As we make our morning coffee, pay our bills, greet our co-workers, send emails and texts, pick our kids up from school, and catch the tail end of a late night movie, it’s easy to forget such humdrum is not the totality of existence nor the sum of reality.  Just beyond our blue borders, an ostensible infinite of planets, galaxies, stars, matter and energy disturbs and distorts, prompting our own insignificance.  At the edge of the abyss our beloved earth, home and heart, remains nothing more but a spectrum of trifling consciousness, entertaining a momentary outburst of cosmic expression… In truth, reality here on earth and in the infinite space beyond, exists by immeasurable forms.  Successions of interpretive information, reality is therefore incumbent upon perception – that is, how its intelligence is received and processed.  And while there are a vast number of receptors able to receive reality beyond our own consciousness, (be it a virus, a simple or complex biotic organism, or matter and energy) totality of existence by way of reality is therefore extremely volatile, subjective and indefinite.  There is no better way of deconstructing reality than the study of astronomy, astrophysics and quantum mechanics.  Journeys into the universe via science and technology have revealed time and space to be relative and superfluous, reality, indistinguishable, and the tangible, mere abstractions.   So what do we make of this overwhelming infinite impossibility?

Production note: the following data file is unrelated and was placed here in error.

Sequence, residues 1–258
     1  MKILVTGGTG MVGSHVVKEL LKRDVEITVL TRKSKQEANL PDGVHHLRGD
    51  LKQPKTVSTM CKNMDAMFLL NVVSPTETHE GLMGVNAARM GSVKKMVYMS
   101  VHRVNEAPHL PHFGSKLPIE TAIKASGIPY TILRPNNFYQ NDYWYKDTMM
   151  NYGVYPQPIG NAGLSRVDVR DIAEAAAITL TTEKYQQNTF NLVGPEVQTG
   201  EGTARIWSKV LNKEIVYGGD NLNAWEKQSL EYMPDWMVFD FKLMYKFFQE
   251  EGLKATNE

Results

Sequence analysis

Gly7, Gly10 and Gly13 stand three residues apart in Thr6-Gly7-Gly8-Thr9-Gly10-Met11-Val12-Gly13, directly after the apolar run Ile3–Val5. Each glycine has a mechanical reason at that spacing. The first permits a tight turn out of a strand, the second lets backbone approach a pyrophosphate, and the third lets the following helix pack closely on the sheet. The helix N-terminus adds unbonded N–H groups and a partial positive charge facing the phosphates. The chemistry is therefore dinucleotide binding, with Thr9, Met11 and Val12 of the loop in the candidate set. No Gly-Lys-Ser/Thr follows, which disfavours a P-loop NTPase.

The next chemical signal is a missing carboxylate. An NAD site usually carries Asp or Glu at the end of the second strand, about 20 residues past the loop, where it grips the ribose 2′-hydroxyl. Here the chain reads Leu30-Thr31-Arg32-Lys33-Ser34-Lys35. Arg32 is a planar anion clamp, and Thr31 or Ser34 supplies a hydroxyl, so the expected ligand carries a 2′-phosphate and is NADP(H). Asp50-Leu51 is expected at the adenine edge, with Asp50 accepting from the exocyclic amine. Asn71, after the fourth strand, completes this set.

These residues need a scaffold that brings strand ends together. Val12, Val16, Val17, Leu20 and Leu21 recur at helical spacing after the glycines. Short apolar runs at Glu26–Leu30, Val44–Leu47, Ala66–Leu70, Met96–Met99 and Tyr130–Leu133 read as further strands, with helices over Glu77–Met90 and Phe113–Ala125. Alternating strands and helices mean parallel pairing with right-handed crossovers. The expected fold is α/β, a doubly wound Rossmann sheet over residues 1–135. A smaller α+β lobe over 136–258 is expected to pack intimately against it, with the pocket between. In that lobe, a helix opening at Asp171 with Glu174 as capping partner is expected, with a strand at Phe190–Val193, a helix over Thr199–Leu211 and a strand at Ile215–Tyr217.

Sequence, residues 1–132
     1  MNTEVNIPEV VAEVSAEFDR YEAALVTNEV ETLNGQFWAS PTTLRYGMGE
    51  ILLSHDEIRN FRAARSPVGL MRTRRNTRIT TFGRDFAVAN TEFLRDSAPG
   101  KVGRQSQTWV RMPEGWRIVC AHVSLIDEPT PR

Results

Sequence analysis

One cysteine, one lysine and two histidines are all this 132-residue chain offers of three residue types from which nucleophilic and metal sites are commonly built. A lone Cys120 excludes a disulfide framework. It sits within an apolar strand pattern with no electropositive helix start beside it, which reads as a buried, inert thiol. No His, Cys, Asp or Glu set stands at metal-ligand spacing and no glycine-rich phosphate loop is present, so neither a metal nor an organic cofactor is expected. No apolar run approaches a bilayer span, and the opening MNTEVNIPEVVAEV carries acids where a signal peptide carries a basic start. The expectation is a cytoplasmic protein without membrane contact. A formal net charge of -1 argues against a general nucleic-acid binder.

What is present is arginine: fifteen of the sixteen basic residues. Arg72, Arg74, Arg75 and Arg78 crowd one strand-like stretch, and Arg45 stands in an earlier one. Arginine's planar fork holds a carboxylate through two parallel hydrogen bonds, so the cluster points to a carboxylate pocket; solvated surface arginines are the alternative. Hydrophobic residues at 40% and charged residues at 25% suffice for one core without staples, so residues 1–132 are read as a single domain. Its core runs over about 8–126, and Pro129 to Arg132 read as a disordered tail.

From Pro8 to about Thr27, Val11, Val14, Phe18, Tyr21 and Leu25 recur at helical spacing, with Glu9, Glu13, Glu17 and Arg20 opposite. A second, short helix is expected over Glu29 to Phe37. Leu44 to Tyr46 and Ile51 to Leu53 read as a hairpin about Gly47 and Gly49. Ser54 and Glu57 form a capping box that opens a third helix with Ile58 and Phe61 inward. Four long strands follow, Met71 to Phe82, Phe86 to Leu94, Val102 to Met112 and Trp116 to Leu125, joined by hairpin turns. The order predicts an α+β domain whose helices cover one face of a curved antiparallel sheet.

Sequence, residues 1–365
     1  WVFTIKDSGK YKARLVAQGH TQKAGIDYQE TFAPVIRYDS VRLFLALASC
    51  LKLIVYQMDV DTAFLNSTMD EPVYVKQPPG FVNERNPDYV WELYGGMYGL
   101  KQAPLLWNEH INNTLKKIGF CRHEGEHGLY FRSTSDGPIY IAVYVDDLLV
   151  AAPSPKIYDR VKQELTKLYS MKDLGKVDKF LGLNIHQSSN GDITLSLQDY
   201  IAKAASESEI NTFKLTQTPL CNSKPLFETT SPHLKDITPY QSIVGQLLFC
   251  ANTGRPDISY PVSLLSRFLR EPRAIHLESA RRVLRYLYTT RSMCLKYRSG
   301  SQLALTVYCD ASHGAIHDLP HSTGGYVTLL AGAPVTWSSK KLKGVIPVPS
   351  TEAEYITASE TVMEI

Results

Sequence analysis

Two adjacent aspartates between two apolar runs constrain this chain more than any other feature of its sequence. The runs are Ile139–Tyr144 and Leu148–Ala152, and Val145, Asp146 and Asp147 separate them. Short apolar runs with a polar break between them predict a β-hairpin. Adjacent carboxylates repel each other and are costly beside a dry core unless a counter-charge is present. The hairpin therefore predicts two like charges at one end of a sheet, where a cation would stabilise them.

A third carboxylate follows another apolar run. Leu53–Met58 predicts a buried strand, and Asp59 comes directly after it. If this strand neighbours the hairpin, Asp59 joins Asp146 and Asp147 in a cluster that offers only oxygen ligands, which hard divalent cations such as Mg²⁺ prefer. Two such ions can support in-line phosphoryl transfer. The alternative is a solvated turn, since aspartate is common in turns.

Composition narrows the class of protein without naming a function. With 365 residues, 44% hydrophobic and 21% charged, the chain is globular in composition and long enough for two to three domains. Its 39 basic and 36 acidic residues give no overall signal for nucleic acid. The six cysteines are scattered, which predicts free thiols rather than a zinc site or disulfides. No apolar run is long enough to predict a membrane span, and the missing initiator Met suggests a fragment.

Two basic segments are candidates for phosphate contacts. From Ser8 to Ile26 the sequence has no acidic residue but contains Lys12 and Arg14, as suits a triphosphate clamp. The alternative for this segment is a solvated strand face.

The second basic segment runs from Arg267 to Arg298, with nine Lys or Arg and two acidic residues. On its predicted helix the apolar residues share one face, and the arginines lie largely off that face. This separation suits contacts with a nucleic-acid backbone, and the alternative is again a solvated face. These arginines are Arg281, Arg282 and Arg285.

For millennia, fascination of the starlit unknown has driven the appetite of humanity.  Studying the cosmos by analyzing light emitted from stars, gas clouds and galaxies, human beings have thrived for thousands of years within budding interpretations, contradicting philosophies and juxtaposing realities that have since propelled our own social and technological evolutions.  However, the most prominent developments in our understanding of the universe have only truly been realized within the last two decades.  New complex and advanced technologies now deliver the kind of support needed to interpret forms of electromagnetic radiation. These radio waves, X-rays, infrared radiation and gamma rays, provide information on imperceptible areas of the universe, thus shedding light on what was once darkness.   One of the most prominent places for studying such marvels is the Dominion Radio Astrophysical Observatory at White Lake.  Just a short distance from Penticton, British Columbia, the observatory was first established in 1959 to advance the field of astrophysics in Canada by exploring the universe using radio techniques. The radio astronomy observatory, under the National Research Council of Canada’s Herzberg Institute of Astrophysics, is Canada’s largest and most prominent, situated within a carefully secluded and federally protected area, free from interference of man-made radio signals.  To date, much of the research conducted at the observatory has corresponded to the study of hydrogen, the most abundant chemical element found in the universe.  By studying the distribution of this cosmic building block in the Milky Way, astronomers have since been able to partly reveal the structure of our galaxy and universe.  Other studies conducted at the observatory have also observed solar activity and charted other radio sources, (such as quasars and distant galaxies) as well as a large portion of the Milky Way itself.  However the most remarkable innovation to take place at DRAO is essentially, a time-travel machine.  Of course it won’t be humans travelling through time and space, rather a cutting-edge, highly advanced radio telescope, which will receive information emitted billions of years ago from our early universe in order to better understand its history and future.